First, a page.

Hanson

  • Mostly in status report.

Aaron

  • Still questioning how Period.make pushes the new periods into the submission’s period array.
  • Meeting with Hanson and Christine to form a joint intro for their presentation on their work on MarkUs this term.

Jay

  • Cracked the reason behind extra grace day deduction. If A1 is handed in and then a submission for A2 is made within the timeframe of A1’s grace days, a grace day is deducted.
  • Debugging it further is problematic because the code starts a seperate thread/process to figure out the timestamps. This is unreachable via normal debugger line.

Christine

  • Received feedback on routes test review, figuring out how to implement the others.

Me (Danesh)

  • Changed bug reporter modal into a general help modal. This is now shown to all users, where non-admin users are pointed to their userguides. Only admins see the links to the bug reporting tools, on top of their userguide link.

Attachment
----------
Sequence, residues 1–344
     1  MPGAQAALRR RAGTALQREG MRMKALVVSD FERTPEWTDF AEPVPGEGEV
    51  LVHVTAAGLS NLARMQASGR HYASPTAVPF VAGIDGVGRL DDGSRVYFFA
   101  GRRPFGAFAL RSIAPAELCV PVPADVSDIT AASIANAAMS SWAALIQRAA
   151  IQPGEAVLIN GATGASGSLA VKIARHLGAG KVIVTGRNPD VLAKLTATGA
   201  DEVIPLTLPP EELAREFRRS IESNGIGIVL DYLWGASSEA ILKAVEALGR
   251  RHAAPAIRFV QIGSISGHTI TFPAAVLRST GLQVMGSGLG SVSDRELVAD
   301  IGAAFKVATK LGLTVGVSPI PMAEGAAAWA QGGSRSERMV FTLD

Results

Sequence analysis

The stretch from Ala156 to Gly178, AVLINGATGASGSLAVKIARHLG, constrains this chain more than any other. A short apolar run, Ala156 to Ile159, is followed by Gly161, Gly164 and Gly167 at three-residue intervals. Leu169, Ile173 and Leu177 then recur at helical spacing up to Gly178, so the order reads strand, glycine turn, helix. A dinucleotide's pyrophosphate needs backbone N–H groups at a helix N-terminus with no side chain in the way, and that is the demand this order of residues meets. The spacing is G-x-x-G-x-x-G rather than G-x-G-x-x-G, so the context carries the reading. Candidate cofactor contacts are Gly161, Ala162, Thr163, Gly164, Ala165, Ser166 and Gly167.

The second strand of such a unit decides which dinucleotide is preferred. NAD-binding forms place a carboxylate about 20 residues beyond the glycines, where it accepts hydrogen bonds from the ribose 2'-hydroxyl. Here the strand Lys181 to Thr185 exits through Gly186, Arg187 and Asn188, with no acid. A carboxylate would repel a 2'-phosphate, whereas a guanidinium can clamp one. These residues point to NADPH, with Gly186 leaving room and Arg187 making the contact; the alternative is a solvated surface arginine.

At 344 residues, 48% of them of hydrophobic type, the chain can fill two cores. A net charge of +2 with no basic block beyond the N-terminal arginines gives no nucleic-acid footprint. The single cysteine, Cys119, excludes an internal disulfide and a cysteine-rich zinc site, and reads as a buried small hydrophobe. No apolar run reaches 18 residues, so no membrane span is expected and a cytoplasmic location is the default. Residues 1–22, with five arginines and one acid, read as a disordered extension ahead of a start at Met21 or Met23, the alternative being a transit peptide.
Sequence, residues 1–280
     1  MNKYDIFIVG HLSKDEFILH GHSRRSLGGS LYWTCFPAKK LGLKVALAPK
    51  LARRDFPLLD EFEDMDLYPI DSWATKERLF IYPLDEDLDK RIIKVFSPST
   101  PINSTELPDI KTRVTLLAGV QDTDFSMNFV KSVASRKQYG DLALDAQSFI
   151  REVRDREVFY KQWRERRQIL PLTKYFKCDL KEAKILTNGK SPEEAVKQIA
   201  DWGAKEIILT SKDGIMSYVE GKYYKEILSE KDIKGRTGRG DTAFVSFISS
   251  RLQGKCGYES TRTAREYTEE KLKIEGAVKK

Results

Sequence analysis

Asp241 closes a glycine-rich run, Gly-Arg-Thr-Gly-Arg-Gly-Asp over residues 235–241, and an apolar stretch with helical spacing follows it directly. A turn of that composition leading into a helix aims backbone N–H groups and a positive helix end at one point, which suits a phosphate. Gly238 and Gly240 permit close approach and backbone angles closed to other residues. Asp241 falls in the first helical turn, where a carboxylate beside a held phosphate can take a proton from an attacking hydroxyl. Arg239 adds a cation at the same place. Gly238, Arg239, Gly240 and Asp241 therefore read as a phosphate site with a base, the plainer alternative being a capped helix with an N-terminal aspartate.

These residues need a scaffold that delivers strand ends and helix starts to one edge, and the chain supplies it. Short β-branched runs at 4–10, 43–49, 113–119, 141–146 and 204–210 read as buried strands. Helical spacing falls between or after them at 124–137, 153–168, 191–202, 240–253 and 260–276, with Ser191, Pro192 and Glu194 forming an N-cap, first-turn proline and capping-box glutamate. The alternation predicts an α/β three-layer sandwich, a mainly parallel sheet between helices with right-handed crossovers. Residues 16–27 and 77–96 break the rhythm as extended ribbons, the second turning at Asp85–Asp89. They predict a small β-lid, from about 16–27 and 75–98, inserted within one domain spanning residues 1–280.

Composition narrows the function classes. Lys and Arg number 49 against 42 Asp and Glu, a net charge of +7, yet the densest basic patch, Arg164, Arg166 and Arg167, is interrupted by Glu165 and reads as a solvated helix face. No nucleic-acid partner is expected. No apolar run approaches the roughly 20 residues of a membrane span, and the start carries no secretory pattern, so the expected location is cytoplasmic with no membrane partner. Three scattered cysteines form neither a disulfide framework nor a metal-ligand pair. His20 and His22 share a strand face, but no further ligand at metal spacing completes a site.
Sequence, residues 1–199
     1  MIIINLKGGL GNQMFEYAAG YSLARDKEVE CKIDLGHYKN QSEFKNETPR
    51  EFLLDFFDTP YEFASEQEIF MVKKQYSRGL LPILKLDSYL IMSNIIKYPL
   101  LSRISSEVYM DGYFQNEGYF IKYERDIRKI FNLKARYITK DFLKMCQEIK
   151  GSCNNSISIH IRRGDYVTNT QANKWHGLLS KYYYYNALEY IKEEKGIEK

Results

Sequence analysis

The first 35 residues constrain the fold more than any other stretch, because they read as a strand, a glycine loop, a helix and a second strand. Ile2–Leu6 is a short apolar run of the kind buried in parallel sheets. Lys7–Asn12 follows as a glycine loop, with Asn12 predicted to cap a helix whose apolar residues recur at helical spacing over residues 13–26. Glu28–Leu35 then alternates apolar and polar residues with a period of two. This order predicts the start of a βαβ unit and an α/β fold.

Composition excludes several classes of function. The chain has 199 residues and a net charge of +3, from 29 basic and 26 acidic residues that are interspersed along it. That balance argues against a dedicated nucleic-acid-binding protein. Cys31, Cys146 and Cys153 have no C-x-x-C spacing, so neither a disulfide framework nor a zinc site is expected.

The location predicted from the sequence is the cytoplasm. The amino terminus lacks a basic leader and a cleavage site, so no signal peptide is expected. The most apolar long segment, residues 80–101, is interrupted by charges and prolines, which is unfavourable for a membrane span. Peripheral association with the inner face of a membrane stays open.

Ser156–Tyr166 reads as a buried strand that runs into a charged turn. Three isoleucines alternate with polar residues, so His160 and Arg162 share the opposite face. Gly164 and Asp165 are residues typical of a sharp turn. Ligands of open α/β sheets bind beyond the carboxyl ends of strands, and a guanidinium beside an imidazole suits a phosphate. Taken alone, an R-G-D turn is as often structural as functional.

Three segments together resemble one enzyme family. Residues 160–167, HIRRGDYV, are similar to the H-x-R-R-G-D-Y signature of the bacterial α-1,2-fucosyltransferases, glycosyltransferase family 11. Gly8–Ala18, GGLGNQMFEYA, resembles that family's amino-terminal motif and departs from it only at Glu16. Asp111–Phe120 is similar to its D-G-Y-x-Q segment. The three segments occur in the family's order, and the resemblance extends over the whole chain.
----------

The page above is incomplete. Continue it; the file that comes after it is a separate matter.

• Prototype removal slowly coming to an end!

Aimen

  • Status report says it all.
  • Presentation for the course needs to be a poster so there will most likely be no slides. 🙁

Sean

  • The modal for #689 is almost complete, it filters the columns properly. The per page button is broken when loading the view, it resets to 30 everytime it is changed.

Egor

  • MIA ( Egor: I must be going crazy…thought today’s meeting was cancelled due to Karen’s bday >_< )

Tobi

  • Researched integrated testing to be used for unit tests across different controllers.
  • Various reviews and merges.

 

Open floor

  • Post-mortem next week, fill out the doodle if you haven’t.
  • MarkUs party on Saturday, the 28th of April! See email shortly.
  • Research In Action showcase of MarkUs went well. Industry folks shocked as usual that MarkUs has loads of undergrad devs who do fantastic work. 😉

Written by Danesh

April 2nd, 2012 at 10:03 pm

Punchlines UCOSP Group – 4/2/2012

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Sky
Status:
-Shipped #474